Oh dear, what have I gotten myself into...
In addition to baking through The Baking Bible, the Alpha Bakers decided to bake through The Bread Bible as well, with a once a month frequency. It took me about 5 minutes to decide to join. In that 5 minutes a lot of thoughts went through my head. Pros: I really want to improve my bread baking skills. I want to bake through The Bread Bible after Rose's Heavenly Cakes but lack motivation. This is my chance. Cons: I have already a lot of things going on. Can I really take on one more? My knitting is a tad neglected nowadays- which makes me sad sometimes. Now adding baking through the Bread Bible into the equation. Pros: I really want to do this and can't say no (this is not a legitimate reason, but it is according to that baking-loving-evil-voice in my head). Cons: Who's gonna eat it?
I am here now, which means the baking-loving-evil-voice won. As to who's gonna eat it, we'll eat some and give away some.
Glori said we are going to follow Marie's adventure and her schedule as a template. Reading through Marie's experience on making Rosemary Foccacia has me worried. Marie's first attempt at this bread didn't turn out. But then I take comfort in the fact that Marie is a super awesome baker now and has nailed recipes from various other books including Tartine Bread. Tartine Bread! I borrowed it once from the library, leafed through it and returned it promptly. It was too intimidating to even attempt.
I am not a big fan of foccacia. It always seem super oily in restaurants that I always feel like I'm eating oil. I have nothing against oil, especially olive oil, except I always thought if I'm gonna eat oil I might as well skip the bread. Why add carbs to it when I have to
As it turns out, my first attempt of this bread fails miserably. Just like Marie's experience. I was so devastated and confused. I followed the instructions, or at least I thought I did. The next day, when I tried to make this again, as I was getting ready to weigh my ingredients, it dawned on me what the reason could be. Flour! I am using store brand unbleached AP flour, whereas Rose specified "use only Gold Medal, King Arthur, or Pillbury". I bet the brand I use (Whole Foods) has lower protein content. On this hunch, I substituted some of the flour, using 1/2 King Arthur Bread Flour and 1/2 the unbleached AP flour.
And the hunch paid off! Phew!
I like the bread. I am not wowed by it but it is because I am not a big foccacia fan to begin with. These are better than the restaurant version though since it is a lot less oil. I can imagine this would be good with some pasta. Spaghetti and meatballs, maybe? Hmm... Now I'm hungry.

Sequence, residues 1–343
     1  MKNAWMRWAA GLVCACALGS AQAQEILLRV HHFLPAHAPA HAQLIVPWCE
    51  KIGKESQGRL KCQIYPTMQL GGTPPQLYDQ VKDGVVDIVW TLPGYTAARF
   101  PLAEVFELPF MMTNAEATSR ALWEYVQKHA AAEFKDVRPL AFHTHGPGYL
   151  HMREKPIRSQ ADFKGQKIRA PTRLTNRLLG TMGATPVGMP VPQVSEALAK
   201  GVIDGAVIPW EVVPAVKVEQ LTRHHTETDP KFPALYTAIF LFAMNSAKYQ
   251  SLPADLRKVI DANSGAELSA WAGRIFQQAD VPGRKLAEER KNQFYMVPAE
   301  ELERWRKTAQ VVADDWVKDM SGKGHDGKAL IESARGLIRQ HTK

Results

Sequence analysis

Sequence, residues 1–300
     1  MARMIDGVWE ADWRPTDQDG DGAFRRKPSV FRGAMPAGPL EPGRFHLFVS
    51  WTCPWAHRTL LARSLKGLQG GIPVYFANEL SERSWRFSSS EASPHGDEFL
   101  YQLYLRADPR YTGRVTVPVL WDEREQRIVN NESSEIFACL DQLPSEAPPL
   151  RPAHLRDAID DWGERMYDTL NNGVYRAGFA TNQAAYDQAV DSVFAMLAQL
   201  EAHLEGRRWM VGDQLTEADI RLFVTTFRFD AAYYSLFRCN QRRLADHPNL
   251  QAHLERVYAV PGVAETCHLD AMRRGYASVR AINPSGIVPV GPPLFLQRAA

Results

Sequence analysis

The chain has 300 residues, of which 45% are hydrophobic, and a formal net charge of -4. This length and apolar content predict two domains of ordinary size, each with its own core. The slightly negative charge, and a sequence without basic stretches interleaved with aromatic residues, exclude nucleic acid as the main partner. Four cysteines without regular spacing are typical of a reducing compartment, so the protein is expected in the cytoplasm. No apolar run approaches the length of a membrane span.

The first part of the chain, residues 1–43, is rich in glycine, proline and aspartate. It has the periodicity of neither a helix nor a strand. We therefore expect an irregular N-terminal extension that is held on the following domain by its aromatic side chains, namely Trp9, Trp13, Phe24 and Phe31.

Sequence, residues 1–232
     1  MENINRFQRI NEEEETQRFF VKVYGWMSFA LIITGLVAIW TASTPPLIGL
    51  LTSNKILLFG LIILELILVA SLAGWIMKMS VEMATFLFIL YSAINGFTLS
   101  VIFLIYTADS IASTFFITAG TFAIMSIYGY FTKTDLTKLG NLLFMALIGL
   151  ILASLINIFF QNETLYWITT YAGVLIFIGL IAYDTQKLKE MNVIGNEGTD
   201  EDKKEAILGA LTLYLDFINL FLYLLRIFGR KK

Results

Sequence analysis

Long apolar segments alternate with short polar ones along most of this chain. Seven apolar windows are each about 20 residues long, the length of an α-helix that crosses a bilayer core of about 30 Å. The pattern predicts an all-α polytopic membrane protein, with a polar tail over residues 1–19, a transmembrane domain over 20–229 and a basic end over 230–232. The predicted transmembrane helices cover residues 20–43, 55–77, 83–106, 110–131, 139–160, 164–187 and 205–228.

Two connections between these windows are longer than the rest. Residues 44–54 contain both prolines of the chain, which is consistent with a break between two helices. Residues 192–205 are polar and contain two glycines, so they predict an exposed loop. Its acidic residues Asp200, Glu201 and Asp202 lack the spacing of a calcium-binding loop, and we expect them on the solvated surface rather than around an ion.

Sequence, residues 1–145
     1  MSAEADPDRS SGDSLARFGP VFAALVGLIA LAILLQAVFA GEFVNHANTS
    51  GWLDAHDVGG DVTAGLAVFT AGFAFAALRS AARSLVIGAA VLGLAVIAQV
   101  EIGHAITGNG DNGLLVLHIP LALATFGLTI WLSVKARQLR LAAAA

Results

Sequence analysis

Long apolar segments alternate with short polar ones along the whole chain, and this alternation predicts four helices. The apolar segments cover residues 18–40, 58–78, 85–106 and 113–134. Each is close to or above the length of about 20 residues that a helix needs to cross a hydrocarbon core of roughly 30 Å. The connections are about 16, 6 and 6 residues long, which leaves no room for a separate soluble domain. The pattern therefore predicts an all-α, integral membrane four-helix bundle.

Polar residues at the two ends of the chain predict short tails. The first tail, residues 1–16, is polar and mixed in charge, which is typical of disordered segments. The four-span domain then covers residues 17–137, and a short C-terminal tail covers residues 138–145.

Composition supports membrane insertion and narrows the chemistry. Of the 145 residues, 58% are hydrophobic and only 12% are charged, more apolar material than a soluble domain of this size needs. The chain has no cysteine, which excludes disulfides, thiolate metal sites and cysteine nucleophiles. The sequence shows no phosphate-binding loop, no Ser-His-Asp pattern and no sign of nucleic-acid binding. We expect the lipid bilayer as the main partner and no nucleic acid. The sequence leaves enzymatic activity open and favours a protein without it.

Step by step photos (attempt #1):
Unbleached AP flour and yeast.
After 20 minutes. (channeling Bridget Jones' british accent) It looks like lumpy soup.
Does not look bad in this form.
After 4 hours rising.
Flat (or flattened) soup.
After 1 1/2 hours = bubbly soup.
Stuck in pan....
Though failed, attempt #1 is half eaten by the evening. Hubby said "your bread is crispy. I like it." I find the texture a bit funny because of the high water content and how flat it is, but I was hungry so I joined hubby in eating it :).
Step by step photos (attempt #2) :
I was not about to sit and listen to the KA on speed #4 for 20 minutes again, so I moved the mixer from the countertop to the floor, in case it would fall off in the 20 minutes. Set the timer, look at my watch and left to the basement. After 20 minutes the mixer has moved 3 feet!!! If it had been on the countertop it would have fallen off and damaged the nice floor (not to mention probably killed the mixer).
Flour and yeast.
Action shot of adding water.
20 minutes on #4.
After 14 minutes it has already formed into a ball. Wohoo!
It overflowed after 3 1/2 hours.
Things are a bit more promising at this step since the dough is resisting to be coaxed, just as Rose said in the book. Let it rest for 10 minutes.
After 1 1/2 hour.
Sprinkle with EVOO, dried rosemary, fleur de sel, and freshly ground black pepper.
I baked it for 13 minutes but it would not brown. Add another 5 minutes and took it out looking like this. It looks much better with brown spots, however, the downside is one side of the bread has stuck to the pan.
To be soaked.
Close up shot.